As I stated before - it was meant to prohibit proselyting - and the reason it was written up is because there probably were some folks doing that very thing at the hospital. And that is one place where patients need some R & R.
You can read the rule yuorself if you like.
I did, I also use common sense - ie I research items that I have doubts about.
I have a habit of believing what is written.
Then you believe the written public announcement from Walter Reed that they've rescinded the policy?
For the record: You posted a link to a story that mentioned only the policy, not that within 24 hours Walter Reed announced it was rescinding the policy; nor did you make any mention of any rescinding of the policy. That's what I mean when I say you have a responsibility to post the whole truth.
No I believe based on the second link I posted they said they would rescind the rule, but as of this date they have not done so in writing.
So like I said I posted thw whole truth as I know it. Are you covering for them again because this is military?
Go back and read Salty's post, post #9 in this thread; there's a link there to the Walter Reed website, where they've publicly printed that they've rescinded the policy.
Not covering for anyone; if you had actually researched the subject before you posted the initial link, you would have found that it was rescinded before you posted it. The initial report was last Friday; Walter Reed rescinded the policy within 24 hours; you post on Tuesday, which is over 48 hours after the rescinding of the policy.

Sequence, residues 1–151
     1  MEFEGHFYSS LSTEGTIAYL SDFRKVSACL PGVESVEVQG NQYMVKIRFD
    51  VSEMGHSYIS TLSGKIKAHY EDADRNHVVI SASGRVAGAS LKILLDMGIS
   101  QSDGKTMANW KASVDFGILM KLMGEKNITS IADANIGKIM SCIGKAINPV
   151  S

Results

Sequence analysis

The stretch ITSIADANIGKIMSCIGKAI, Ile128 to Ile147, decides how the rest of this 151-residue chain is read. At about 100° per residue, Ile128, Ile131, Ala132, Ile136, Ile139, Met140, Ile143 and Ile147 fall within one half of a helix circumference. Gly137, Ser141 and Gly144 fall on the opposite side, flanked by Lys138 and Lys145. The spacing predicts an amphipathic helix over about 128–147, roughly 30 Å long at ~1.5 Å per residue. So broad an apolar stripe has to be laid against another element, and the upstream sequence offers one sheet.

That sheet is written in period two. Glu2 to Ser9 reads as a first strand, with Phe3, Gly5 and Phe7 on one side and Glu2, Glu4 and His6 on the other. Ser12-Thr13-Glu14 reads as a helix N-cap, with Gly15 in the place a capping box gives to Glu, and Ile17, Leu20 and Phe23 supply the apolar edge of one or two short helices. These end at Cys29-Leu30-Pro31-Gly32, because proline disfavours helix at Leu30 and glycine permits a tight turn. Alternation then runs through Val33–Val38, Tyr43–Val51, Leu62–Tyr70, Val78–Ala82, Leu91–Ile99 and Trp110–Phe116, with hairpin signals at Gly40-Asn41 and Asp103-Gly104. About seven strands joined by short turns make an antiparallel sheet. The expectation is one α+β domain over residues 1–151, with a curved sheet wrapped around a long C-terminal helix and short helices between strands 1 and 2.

As I stated before, it was a bad policy. Don't know how you're confusing that statement with trying to cover for the military.
Like I said I posted what I knew was correct. I listened to a Congressman speak about it today and he was going to have a meeting with some General tomorrow about this. If the hospital got enough flack to change it good, but what I gave was as update as I knew and the issue is not about them rescinding it. The issue is about them doing it all. You need to get rid of that muilitary training on how to cover for evil.
Just wondering why Free didn't read the link in my post (#9) or maybe he only believes certain things he reads.
You know free the bible says "and Judas went out and hanged himself"...... "Go do thou likewise"
Actually it was a good policy (see my post # 5 ) it was only poorly written .
If it was good they would not have done away with it so quickly. Even several congressman are looking into this trying to find out who made this rule so they can be disciplined, but my guess is that standard military policy will cover for the ones involved.
I saw the post; I disagree. Any policy that addresses restriction of religion is a bad policy. A policy requires enforcement, and there's no way to enforce any policy that covers religion without trampling all over constitutional rights.
I imagine this policy was started because of exactly what you wrote: Someone tried to prosyletize, and it offended a patient. Instead of making a blanket policy, they should have explained the problem to the one offender; and upon refusal to comply, banned the one offender from the premises. Instead, they attempted to apply a strategic/operational solution for something that affected one small tactical aspect.